By: Aahoo Pourang
On Monday, October 4, Facebook experienced a six-hour outage that extended to Instagram and WhatsApp. While active social media users ran to other apps like Twitter, TikTok, or Snapchat, Facebook not only became the center of all jokes, but the company lost in more ways than one.
What was considered the largest outage ever tracked since 2008 cost the company about $164,000 per minute on top of an already falling stock, erasing $40 billion market cap and taking $6 billion from Mark Zuckerberg’s pocket.
The timing of Monday’s outage and declining stock could not have been any worse. On Sunday night, “60 Minutes” aired an interview with a former Facebook data scientist, Frances Haugen, who alleged that Facebook valued profit over safety when it came to misinformation and hate speech. She also stated that Facebook was lying to investors on how the company handled its problems. Haugen went on to say that the company constantly faced conflicts of interests when it came to what was good for the public and what was good for Facebook, and how over time, Facebook would prioritize its own interests over its users.
Her interview made a lot of shareholders reluctant and concerned over out-of-touch management teams and arising governance issues, especially after the Senate Commerce subcommittee on consumer protection urged Facebook to end its plans on offering child-safe version of Instagram.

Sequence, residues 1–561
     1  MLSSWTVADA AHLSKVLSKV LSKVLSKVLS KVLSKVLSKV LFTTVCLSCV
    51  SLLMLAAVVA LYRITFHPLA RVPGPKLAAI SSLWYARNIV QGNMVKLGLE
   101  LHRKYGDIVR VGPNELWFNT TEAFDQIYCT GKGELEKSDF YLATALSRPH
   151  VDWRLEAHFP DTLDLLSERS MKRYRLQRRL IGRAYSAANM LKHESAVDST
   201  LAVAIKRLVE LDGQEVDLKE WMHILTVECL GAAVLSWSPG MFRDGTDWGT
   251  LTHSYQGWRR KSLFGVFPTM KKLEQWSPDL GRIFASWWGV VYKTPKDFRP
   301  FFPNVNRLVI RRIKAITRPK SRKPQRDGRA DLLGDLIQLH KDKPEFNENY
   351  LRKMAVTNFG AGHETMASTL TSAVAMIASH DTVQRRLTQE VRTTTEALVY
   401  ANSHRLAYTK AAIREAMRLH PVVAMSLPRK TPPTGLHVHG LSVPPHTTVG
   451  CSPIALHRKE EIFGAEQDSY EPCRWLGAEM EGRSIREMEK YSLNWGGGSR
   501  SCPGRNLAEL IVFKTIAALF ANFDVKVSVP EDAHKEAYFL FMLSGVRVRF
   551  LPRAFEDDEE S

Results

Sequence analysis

The next day, Facebook went completely dark, losing access to its webpage, Instagram, WhatsApp, and all messaging systems connected to the app for a little over six hours. According to MarketWatch, the outage cost an average of $163,565 per minute, which totals over $60 million for the amount of time the company went dark. But what Facebook lost in the outage is minimal compared to how much the company lost in the market.
Shares fell about 5%, equaling to $47.3 billion, and $6 billion from Mark Zuckerberg’s pocket. Zuckerberg lost so much that he dropped from 5th to sixth richest person. But according to Jessica Gonzolaz, Free Press co-CEO, the financial loss is just a “drop in the bucket” for the tech company, since it didn’t earn revenue in a linear way like a lot of other major tech companies.
It’s important to note that while a six-hour social media outage would not affect the entire stock market, more instances like today will be seen in the foreseeable future, and it’s important for small businesses who rely on social media to be prepared. What other outlets can they rely on that isn’t within Facebook’s web of social media? How much confidential information are on these social networks that can be protected? Although Facebook paid a hefty price for today’s outage and stock decline, users don’t and shouldn’t have to.